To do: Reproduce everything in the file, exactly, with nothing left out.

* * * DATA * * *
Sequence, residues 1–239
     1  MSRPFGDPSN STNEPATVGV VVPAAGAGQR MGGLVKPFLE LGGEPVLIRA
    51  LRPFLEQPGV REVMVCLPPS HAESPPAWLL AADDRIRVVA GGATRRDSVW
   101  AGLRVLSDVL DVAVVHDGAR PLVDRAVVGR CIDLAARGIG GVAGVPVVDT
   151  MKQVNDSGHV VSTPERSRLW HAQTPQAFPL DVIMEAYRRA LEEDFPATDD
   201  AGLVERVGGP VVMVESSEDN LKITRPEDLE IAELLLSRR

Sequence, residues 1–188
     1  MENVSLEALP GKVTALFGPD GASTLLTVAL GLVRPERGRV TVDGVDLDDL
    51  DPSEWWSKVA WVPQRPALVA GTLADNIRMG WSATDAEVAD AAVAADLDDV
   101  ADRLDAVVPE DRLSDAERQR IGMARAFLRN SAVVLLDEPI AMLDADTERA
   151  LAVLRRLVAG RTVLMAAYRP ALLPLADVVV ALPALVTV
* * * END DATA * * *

Sequence, residues 1–239
     1  MSRPFGDPSN STNEPATVGV VVPAAGAGQR MGGLVKPFLE LGGEPVLIRA
    51  LRPFLEQPGV REVMVCLPPS HAESPPAWLL AADDRIRVVA GGATRRDSVW
   101  AGLRVLSDVL DVAVVHDGAR PLVDRAVVGR CIDLAARGIG GVAGVPVVDT
   151  MKQVNDSGHV VSTPERSRLW HAQTPQAFPL DVIMEAYRRA LEEDFPATDD
   201  AGLVERVGGP VVMVESSEDN LKITRPEDLE IAELLLSRR

Sequence, residues 1–188
     1  MENVSLEALP GKVTALFGPD GASTLLTVAL GLVRPERGRV TVDGVDLDDL
    51  DPSEWWSKVA WVPQRPALVA GTLADNIRMG WSATDAEVAD AAVAADLDDV
   101  ADRLDAVVPE DRLSDAERQR IGMARAFLRN SAVVLLDEPI AMLDADTERA
   151  LAVLRRLVAG RTVLMAAYRP ALLPLADVVV ALPALVTV